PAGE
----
New Chicago vacant buildings ordinance improving accountability for vacant homes

Chicago made history last year by passing a first-of-its-kind ordinance that makes sure that financial institutions are responsible for keeping homes in which they have an interest from falling into blight and disrepair. Data released today by Mayor Rahm Emanuel’s office show that the ordinance is already making a difference in how the City holds financial institutions responsible for vacant property maintenance.

 

Thanks to a dedicated coalition including Woodstock and our 2012 Community Investment Awardee Adam Gross, mortgage holders of vacant buildings in foreclosure are now responsible for maintaining and securing vacant homes. The ordinance also increased penalties for noncompliance, such as failing to register a building as vacant. If a building is not registered with the City, it’s much more challenging for the City to ensure that owners and mortgagees are following the law regarding how vacant buildings must be maintained.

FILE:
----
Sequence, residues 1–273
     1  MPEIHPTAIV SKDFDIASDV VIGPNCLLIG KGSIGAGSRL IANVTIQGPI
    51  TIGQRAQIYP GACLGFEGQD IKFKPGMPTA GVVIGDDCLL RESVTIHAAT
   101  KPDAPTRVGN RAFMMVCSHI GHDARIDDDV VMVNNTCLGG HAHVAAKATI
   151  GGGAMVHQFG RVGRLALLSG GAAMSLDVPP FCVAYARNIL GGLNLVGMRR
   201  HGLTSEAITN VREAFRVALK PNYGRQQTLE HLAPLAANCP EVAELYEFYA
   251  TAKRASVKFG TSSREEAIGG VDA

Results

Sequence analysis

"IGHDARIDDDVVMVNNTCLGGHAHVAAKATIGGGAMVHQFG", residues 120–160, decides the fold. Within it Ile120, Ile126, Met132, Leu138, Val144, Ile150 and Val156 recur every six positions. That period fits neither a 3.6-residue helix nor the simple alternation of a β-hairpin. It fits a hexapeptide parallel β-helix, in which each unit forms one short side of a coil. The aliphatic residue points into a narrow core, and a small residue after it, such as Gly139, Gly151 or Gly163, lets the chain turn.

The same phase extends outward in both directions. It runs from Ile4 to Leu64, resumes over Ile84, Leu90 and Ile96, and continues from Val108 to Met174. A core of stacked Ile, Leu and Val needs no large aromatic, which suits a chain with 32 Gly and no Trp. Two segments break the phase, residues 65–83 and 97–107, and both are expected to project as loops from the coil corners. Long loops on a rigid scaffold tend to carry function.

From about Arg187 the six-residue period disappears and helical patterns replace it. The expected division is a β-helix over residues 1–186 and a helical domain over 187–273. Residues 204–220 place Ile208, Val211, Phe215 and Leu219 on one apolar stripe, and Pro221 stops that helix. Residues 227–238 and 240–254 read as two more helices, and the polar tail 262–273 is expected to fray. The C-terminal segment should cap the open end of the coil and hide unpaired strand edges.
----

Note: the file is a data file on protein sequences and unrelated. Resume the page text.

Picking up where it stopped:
So far, the ordinance is giving the City a much fuller picture of the vacant property problem. Mayor Emanuel reports that the number of vacant building registrations more than doubled in the six months, from 2,884 properties to 4,436, since the ordinance passed—a very significant increase. In a report published last year, Woodstock estimated that 2,558 lender-owned single family homes were vacant but not registered with the City. Now that more buildings are registered, the City can ensure that owners or mortgagees are maintaining them adequately.

 

The city also issued 2,500 vacant property ordinance violations in the first quarter of 2012 to more than 150 financial institutions. Fines grew by 123 percent from the first quarter of 2011, from $277,200 to $619,000. These fines not only serve to encourage financial institutions to maintain vacant homes properly, they allow the City to better maintain these homes when financial institutions will not.

 

Woodstock Institute is pleased that the ordinance is giving communities a better understanding of the scope of Chicago’s vacant property problem and better equipping the City to combat it. Continued rigorous enforcement will be key to ensuring that this ordinance translates into better outcomes for Chicago’s neighborhoods.